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How history might really be made in Egypt

Yes, the power of ideas such as freedom drives the protests in Egypt. But a surprise glitch might bring down Hosni Mubarak, as it did Ferdinand Marcos in the Philippines.

By Clayton Jones / January 31, 2011

A woman protests in Cairo Jan. 31.

Hannibal Hanschke/dpa/picture-alliance/Newscom

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Anyone watching the protests in Egypt might want to remember this old saw of history: For want of a nail, a kingdom was lost.

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Unexpected events often do suddenly create a surprise tipping point during a political or military struggle. It’s still unclear, for example, whether an American minuteman or a British soldier fired the first shot at the Battle of Lexington on April 19, 1775, launching the American War for Independence. And Richard Nixon might have served out his second term had a security guard at the Watergate Complex not noticed tape on the doors, left to leave them unlocked during a night burglary on June 17, 1972.

A similar serendipitous act may yet influence events in Egypt. An Army tank’s engine might backfire, for instance, setting off a riot. A statement from President Obama might be mistranslated into Arabic, forcing a mistake by Hosni Mubarak.

My own experience with one of history’s fluky moments occurred during the “people’s power” revolution against Ferdinand Marcos in 1986. I happened to witness the real reason that this long-time dictator was forced to flee.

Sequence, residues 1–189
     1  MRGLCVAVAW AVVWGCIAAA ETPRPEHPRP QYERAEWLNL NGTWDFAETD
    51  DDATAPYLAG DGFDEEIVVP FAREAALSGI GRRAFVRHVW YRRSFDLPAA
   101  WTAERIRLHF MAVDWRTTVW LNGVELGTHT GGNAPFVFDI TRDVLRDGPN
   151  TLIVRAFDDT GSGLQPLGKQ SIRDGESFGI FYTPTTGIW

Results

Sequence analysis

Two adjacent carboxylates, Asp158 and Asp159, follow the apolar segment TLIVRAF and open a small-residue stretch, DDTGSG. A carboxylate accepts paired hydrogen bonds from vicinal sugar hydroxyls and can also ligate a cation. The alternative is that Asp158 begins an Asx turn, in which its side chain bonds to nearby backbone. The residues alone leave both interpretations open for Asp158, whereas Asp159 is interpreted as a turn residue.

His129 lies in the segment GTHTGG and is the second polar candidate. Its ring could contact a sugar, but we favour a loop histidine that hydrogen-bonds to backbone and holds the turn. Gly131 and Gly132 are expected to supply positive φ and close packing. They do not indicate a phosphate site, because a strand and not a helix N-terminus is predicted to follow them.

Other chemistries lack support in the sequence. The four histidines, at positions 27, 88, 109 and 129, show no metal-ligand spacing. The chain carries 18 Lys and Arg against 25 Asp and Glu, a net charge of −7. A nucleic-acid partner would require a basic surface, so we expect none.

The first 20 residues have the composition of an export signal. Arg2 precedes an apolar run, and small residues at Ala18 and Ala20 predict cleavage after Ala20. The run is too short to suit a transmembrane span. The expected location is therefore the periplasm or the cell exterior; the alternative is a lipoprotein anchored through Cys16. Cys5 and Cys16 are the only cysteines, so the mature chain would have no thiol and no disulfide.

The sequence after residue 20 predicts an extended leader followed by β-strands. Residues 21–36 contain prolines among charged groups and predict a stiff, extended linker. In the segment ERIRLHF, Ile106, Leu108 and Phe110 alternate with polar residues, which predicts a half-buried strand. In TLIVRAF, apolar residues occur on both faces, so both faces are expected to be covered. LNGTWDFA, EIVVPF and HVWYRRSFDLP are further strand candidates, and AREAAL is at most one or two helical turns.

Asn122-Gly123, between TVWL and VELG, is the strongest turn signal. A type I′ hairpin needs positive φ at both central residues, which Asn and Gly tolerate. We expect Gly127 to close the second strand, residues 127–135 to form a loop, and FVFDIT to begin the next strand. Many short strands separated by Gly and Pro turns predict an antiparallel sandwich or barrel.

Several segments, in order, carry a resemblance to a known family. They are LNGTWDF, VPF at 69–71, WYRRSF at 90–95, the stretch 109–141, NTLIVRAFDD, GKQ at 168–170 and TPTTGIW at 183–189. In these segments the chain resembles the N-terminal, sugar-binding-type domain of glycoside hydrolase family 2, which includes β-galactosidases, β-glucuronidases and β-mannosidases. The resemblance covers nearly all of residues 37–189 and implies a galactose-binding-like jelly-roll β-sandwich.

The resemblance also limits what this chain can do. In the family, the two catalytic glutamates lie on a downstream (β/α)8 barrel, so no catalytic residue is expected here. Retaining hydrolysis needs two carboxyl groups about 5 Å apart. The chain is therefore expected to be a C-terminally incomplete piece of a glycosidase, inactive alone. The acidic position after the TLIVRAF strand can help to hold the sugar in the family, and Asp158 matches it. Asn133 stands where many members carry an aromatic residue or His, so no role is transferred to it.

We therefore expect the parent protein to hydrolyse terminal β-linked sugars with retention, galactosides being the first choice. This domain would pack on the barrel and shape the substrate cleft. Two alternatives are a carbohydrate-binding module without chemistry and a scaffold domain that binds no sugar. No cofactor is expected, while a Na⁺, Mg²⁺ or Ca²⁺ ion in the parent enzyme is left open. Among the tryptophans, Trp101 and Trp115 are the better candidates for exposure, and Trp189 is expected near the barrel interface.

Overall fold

Yes, the pressure was on him to leave. Thousands of Filipinos were in the streets during the four-day revolution, surrounding rebel soldiers in Camp Crame, a military base near Manila. Yes, everyone knew Marcos had rigged an election to claim victory over Corazon Aquino.

But Marcos might have been able to smash the resistance when he sent 700 Marines and seven tanks down a wide boulevard to take back the military base.

As a journalist, I happened to be walking down the boulevard, alone, when the tanks approached. “Where are you going? What do you plan to do?” I asked the Marines. No reply.

But then, I watched as the tanks suddenly turned down a smaller road, hoping to avoid the crowds and attack the rebels from a nearby base, Camp Aguinaldo.

Alas, their way was blocked by a Volkswagen Beetle, innocently parked along the road. Rather than merely roll over the empty car, the Marine commander, Gen. Artemio A. Tadiar Jr., ordered his men to move the bug to the curb.

That was a big mistake.

In the time it took the Marines to gather around the car, the crowds ran down the boulevard and surrounded them, chanting “join us, join us” (in the national language). The soldiers were forced to retreat into a nearby field.

After wisely assessing the situation, General Tadiar ordered a retreat. Marcos fled soon after, his kingdom lost for want of a driver to move that Beetle.

(A footnote to this little-known tale: The return of democracy to the Philippines in 1986 helped inspire other democratic revolutions in Asia – not all successful – and created a model for the people-power “color revolutions” in many of the post-Soviet-bloc nations. Meanwhile, the name of that VW owner is lost to history.)

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